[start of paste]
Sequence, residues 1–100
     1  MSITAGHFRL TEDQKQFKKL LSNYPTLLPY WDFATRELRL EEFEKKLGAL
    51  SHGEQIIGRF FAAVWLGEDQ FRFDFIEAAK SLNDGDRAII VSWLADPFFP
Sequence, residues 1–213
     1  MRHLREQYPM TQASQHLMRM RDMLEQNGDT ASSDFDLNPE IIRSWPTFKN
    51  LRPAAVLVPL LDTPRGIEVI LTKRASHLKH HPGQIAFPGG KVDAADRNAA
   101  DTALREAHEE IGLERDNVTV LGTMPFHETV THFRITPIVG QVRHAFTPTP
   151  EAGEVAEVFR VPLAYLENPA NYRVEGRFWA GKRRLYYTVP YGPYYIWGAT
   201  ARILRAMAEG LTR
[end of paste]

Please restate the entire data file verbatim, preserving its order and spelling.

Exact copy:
Sequence, residues 1–100
     1  MSITAGHFRL TEDQKQFKKL LSNYPTLLPY WDFATRELRL EEFEKKLGAL
    51  SHGEQIIGRF FAAVWLGEDQ FRFDFIEAAK SLNDGDRAII VSWLADPFFP
Sequence, residues 1–213
     1  MRHLREQYPM TQASQHLMRM RDMLEQNGDT ASSDFDLNPE IIRSWPTFKN
    51  LRPAAVLVPL LDTPRGIEVI LTKRASHLKH HPGQIAFPGG KVDAADRNAA
   101  DTALREAHEE IGLERDNVTV LGTMPFHETV THFRITPIVG QVRHAFTPTP
   151  EAGEVAEVFR VPLAYLENPA NYRVEGRFWA GKRRLYYTVP YGPYYIWGAT
   201  ARILRAMAEG LTR